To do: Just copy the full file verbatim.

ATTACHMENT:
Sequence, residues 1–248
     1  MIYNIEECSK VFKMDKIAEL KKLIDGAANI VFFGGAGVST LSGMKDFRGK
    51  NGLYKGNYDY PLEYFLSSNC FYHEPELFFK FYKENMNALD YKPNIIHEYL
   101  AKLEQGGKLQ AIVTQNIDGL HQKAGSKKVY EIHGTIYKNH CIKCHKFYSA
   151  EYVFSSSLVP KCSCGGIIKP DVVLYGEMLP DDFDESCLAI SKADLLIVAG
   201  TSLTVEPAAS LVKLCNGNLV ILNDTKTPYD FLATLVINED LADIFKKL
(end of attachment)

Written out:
Sequence, residues 1–248
     1  MIYNIEECSK VFKMDKIAEL KKLIDGAANI VFFGGAGVST LSGMKDFRGK
    51  NGLYKGNYDY PLEYFLSSNC FYHEPELFFK FYKENMNALD YKPNIIHEYL
   101  AKLEQGGKLQ AIVTQNIDGL HQKAGSKKVY EIHGTIYKNH CIKCHKFYSA
   151  EYVFSSSLVP KCSCGGIIKP DVVLYGEMLP DDFDESCLAI SKADLLIVAG
   201  TSLTVEPAAS LVKLCNGNLV ILNDTKTPYD FLATLVINED LADIFKKL